Reflecting on the fact that some of the band’s earlier hits were covers; Them’s `Here Comes The Night’, Small Faces’ `Tin Soldier’ and of course their classic remake of The Rolling Stones’ `Under My Thumb’, Shields and Neill kicked around the idea of Shields recording a solo album of his favourite covers.
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“That was 10 years ago,” laughed Shields, “But we finally started to put the tracks together and I really enjoyed the process of recording a solo album. For the first time I could do something without worrying about time.. It was just me singing songs I had wanted to sing back in the Sixties and Seventies. I had a passionate attachment to these songs, they all mean something to me personally.
With Neill producing,, programming, playing guitar and singing all the background vocals on the record and with Guthiel playing keyboards and also singing, “Letting Go” allowed Shields to add his own unique vocal twist to classics such as The Eagles’ `Best Of My Love’, The Bee Gees’, `To Love Somebody’, Rod Stewart’s `I Don’t Wanna Talk About It’ and John Lennon’s `Julia while still retaining a Streetheart essence. There’s even one old Streetheart song; `Wanna Be With You’, lyrics and music by Shields, with Guthiel supplying the bridge, which first appeared on their 1984 “Buried Treasures” outtakes and B-sides recording.
Los Bravos’s hit `Black Is Black’ was chosen because back in the early Sixties’ , while playing for a band called Witness Inc. , Shields and company found themselves opening for a hot new Winnipeg band called The Guess Who which featured a new kid on the block who played keyboards and sang like a star.” His name is Burton Cummings and Wow! was he ever great, even back then, reflected Shields .”We were a cover band so it was always a contest to see who could cover the latest hit first and we were the first band in Winnipeg to cover `Black Is Black”.
Shields’ selection of 1958 Brenda Lee hit, “I’m Sorry’, in the words of Shields “almost caused Jeff to question my sanity” But that song had special memories for me. I was a broken hearted teenager who had just lost my first girlfriend and there was this cafe in Nokomis Saskatchewan where I lived and a hit song on that jukebox was Brenda Lee’s `I’m Sorry’ and I must have played that song 100 times in the following weeks.”
Yet the ace in the hole on “Letting Go” is a stunning cover of the Rolling Stones’ Angie. It was remixed by multi Juno winner, Saskatchewan natives Kevin Churko and Bart McKay, two Pro Tool masters, working with Shields and Neill, who elevated this album to another level.” We’ve probably been playing that song since 1986,” allowed Shields. “We used to alternate between Angie and Under My Thumb but Under My Thumb was such a huge live number for us that it didn’t seem right to cover two Stones’ songs at the same time.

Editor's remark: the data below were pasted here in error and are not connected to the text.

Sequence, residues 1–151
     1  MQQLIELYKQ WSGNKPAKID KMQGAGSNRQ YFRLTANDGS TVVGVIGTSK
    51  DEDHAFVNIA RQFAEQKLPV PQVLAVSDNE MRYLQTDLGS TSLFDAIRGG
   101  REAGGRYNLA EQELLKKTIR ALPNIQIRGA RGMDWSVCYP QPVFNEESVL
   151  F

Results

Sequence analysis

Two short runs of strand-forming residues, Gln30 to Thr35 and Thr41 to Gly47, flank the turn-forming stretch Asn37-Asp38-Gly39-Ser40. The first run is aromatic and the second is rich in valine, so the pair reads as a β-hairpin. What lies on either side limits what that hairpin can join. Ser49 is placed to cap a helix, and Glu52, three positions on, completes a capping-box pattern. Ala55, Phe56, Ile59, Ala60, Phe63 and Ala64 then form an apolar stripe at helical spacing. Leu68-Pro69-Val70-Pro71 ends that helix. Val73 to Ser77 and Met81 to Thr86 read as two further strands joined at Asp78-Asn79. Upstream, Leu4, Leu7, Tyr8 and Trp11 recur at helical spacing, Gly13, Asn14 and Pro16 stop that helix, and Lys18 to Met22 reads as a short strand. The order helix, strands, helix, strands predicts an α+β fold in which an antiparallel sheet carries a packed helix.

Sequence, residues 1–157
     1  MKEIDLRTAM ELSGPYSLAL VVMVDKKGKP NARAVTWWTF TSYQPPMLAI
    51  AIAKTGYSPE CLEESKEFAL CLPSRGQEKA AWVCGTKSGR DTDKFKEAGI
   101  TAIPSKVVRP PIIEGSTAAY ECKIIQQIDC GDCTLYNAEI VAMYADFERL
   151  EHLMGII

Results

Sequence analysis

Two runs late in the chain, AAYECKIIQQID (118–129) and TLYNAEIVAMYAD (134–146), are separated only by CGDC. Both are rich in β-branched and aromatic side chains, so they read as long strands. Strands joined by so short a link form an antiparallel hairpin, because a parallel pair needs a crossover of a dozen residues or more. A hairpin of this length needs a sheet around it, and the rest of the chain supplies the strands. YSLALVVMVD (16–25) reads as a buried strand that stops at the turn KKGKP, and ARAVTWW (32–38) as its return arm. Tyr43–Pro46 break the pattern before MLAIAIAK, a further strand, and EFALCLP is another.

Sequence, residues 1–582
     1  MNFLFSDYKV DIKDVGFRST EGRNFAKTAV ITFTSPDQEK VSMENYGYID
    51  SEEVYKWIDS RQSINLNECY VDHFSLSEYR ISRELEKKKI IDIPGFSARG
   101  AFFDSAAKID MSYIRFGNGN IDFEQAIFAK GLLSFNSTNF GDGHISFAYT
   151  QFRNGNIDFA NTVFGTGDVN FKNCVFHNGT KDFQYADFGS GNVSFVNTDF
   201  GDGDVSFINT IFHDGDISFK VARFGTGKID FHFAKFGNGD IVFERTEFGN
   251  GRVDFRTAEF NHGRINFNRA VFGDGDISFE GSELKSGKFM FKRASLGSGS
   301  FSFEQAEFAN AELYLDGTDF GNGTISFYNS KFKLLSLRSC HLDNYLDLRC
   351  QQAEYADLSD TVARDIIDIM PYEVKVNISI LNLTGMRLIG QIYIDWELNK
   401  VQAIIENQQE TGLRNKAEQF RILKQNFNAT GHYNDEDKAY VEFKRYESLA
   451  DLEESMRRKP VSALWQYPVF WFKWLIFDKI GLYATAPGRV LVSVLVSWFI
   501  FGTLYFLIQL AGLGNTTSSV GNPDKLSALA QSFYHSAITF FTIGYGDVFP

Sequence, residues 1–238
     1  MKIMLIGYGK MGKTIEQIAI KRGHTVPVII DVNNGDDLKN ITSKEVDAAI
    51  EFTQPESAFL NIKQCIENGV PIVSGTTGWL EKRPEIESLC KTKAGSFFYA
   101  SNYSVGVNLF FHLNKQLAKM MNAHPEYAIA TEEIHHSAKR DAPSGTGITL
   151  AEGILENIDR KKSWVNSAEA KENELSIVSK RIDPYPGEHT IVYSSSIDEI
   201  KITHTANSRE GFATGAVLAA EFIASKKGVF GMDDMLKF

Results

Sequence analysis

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Originally performed as an acoustic number, but later developed as a strong rock ballad with Neill’s distinctive guitar solo setting off a stunning lead vocal performance from Shields, `Angie’ would rank as one of Shield’s finest recordings if modern day rock radio actually played new records by established Canadian classic rock bands.
”That’s been the shocking discovery for me, the fact that artists like me can’t get any airplay these days and you can’t just sell your records in the shops anymore – there’s no retail, it’s all iTunes and social media,” remarked Shields. “Still when we play `Angie’ live on stage, that song gets an amazing response.”
Slowly but surely, Kenny Shields and Streetheart are inching their way back into the national spotlight. With a band rounded out by bassist Jake Jacobs and drummer Tim Sutton, they released a 2008 two-disc anthology “Read All About It” that contains hits from both their Warner Music and Capitol releases, have built a strong following on the Western Canadian club and casino circuit and are preparing for an Eastern Canada invasion in March 2014.
The band that hit platinum pay dirt with their debut 1978 “Meanwhile Back In Paris” and 1979 “Under Heaven Over Hell, that won a Juno Award as Most Promising Band in 1980 and went on to tour nationally with international groups such as AC/DC, Rush and Styx as well as headline their own arena tours coast to coast, have found a renewed energy that was never more apparent when they hit the festival stage at Rock And Roar in Spanish Ontario in August and tore up the place with a highly-charged performance that featured both `Under My Thumb’ and `Angie’.
“I am excited, We can deliver a great show if we get the chance to,” concluded Shields. “Jeff and Daryl and I will be up on stage watching everyone singing along to our songs and we’ll nudge each other and say, “who would have thought back in 1982 that we’d still be playing together in 2013! The feeling we get is total magic.”